Ask The Pharmacist: Drug Allergies Versus Side Effects in Workers’ Comp
What's the difference between a drug allergy and a side effect?
True medication allergies are rarer than side effects, but are potentially more dangerous, and are a result of the activation and response of the body’s immune system to an “insult” or “foreign body.” Allergies occur across a range of severities, from mild to life-threatening, and often only occur on the second exposure to the drug, food or substance that triggers it.
Mild allergy symptoms might include hives, rash or itchy skin, while more serious ones encompass throat tightness, difficulty breathing, swollen face, lightheadedness, reddened skin or blisters, or anaphylaxis (whole-body shock with life threatening low blood pressure). It’s important to seek medical attention quickly if these serious symptoms occur when taking a medication.
Treatment of acute drug allergies may include antihistamines, bronchodilators and/or corticosteroid medications to manage symptoms. Epinephrine injections may be used to treat anaphylaxis.
Before starting a new medication, be sure to advise an injured employee to let their doctor know about any drug reactions they have had in the past and to update the list of other prescribed medications, supplements or vitamins they may be taking.
Medications, supplements and vitamins all have an expected range of physiologic effects when consumed. The desired therapeutic effect of a drug is called its indication for use. A side effect is a known, but unwanted reaction listed in the drug labeling that may occur, even when a medication is administered correctly. Side effects are not uncommon and may be mild, (e.g., a runny nose) or more severe (e.g., increased risk of a heart attack). They can occur when patients begin taking a new medication, supplement, or vitamin, if they suddenly stop taking one that they’ve used for some time, or if they increase or decrease the amount of the substance they take. A patient’s age and gender as well as the medication's route of administration, absorption differences, kidney function, as well as co-administered medicines, foods or supplements can all affect the likelihood of experiencing a side effect.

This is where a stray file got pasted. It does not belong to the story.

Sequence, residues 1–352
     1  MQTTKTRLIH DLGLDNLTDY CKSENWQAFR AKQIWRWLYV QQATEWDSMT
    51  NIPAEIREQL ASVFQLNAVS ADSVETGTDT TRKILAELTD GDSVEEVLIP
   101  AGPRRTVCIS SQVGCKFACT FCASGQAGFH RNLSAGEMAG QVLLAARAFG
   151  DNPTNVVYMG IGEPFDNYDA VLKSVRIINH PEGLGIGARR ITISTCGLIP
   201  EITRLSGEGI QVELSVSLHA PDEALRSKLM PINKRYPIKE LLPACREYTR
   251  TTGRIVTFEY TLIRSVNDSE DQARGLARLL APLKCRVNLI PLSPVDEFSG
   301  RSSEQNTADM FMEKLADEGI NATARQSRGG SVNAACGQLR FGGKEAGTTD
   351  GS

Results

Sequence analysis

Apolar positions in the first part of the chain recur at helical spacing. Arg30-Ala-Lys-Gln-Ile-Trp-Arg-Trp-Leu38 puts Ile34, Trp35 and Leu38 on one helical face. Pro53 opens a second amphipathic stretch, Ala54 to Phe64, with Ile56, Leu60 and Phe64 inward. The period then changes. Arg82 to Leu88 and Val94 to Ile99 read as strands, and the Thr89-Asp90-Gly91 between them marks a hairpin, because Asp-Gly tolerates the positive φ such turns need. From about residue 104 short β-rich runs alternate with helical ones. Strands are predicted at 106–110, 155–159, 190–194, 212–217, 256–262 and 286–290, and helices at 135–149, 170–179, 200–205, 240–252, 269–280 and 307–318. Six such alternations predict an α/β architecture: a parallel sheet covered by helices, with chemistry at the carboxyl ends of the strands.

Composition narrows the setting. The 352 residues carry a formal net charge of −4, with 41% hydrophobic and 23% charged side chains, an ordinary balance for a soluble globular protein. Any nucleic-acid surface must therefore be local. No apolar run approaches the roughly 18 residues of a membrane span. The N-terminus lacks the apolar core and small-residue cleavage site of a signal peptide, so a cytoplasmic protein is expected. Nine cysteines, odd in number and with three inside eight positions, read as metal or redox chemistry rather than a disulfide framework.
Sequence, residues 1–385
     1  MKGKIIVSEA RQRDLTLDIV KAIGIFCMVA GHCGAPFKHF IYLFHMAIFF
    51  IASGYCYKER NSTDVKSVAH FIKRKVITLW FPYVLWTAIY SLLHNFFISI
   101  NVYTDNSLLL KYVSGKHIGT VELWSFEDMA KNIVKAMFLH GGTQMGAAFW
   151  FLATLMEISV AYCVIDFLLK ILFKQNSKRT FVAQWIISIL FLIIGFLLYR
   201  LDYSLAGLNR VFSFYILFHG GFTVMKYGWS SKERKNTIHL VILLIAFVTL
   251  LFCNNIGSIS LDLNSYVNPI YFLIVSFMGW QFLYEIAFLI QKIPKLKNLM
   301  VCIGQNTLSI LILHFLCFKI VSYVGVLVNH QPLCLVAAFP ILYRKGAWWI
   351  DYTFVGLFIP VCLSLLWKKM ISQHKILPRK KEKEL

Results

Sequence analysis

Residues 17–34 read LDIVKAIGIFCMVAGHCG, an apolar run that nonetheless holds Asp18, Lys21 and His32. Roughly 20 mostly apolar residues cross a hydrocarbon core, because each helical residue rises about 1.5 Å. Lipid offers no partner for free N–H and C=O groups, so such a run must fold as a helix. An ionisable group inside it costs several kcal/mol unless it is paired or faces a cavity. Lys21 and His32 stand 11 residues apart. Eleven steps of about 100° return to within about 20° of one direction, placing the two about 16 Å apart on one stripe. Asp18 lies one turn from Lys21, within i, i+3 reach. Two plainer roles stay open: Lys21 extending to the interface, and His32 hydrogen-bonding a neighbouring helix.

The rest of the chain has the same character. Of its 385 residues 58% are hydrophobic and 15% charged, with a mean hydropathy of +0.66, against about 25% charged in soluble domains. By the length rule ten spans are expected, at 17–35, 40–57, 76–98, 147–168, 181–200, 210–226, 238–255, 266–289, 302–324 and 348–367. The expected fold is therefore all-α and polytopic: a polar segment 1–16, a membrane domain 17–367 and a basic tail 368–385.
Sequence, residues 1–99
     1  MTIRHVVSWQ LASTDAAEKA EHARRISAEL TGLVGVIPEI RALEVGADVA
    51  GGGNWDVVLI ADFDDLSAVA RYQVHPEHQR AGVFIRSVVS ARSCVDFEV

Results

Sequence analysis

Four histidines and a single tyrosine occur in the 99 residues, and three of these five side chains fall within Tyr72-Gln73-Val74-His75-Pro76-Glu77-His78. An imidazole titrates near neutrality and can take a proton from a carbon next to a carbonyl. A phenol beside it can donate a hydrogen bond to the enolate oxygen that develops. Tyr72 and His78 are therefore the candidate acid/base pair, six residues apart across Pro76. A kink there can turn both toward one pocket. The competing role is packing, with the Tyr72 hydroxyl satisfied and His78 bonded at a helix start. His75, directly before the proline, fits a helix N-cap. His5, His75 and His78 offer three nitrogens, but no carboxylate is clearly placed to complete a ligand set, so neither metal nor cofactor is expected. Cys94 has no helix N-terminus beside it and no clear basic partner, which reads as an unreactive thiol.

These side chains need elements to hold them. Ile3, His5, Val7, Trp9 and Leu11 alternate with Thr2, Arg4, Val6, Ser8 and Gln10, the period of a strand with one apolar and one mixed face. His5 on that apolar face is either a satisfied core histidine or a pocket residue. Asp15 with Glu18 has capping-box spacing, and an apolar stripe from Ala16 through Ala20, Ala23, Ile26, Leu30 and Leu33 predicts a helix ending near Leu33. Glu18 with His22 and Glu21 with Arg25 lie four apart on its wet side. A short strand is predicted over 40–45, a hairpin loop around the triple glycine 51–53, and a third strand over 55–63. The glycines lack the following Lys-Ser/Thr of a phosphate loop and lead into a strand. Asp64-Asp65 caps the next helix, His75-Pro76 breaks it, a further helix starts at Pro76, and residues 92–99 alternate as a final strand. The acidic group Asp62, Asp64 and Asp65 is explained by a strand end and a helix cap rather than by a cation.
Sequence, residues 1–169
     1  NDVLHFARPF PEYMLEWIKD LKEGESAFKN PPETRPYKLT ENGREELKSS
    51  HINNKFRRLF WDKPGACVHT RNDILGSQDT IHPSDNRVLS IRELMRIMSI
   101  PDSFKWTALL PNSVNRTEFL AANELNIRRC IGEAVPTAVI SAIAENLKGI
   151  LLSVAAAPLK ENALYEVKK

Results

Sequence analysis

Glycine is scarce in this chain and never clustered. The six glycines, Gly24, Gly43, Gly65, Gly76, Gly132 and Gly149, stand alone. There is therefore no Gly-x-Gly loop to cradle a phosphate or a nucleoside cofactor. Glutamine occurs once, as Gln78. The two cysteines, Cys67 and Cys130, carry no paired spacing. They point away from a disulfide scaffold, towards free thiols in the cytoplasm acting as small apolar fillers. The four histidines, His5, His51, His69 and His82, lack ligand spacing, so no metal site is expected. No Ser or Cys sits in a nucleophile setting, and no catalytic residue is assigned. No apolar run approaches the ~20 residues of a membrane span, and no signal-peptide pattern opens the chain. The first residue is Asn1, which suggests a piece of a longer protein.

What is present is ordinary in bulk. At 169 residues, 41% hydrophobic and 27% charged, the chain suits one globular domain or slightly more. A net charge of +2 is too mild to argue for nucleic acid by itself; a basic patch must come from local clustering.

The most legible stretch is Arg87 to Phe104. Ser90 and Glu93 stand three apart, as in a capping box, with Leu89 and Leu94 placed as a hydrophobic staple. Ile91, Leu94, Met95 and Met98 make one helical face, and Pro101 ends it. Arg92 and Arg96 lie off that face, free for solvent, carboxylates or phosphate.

Common, milder side effects of medications include headache, insomnia, gastrointestinal distress, dry mouth, blurred vision and skin rashes. Serious side effects are rarer and might include heart rhythm disturbances, liver failure, sedation or loss of consciousness, respiratory depression, etc.
Managing side effects, in general, involves prevention and management strategies, including determining whether the benefit of the medication outweighs the impact or risk of the side effect.
The similarities between drug allergies and side effects are that symptoms of both may range from uncomfortable to life threatening. Prevention of both includes some strategies in common, such as identification and avoidance. A crucial difference is in recognizing the contribution to serious allergic reactions of the immune system and tailoring treatments and prevention strategies accordingly for the best outcome.
This information is meant to serve as a general overview, and any specific questions or concerns should be more fully reviewed with your health care professional such as the prescribing doctor or dispensing pharmacist.
Do you have a workers’ compensation or auto-related pharmacy question? Send us an email at AskThePharmacist@mitchell.com.
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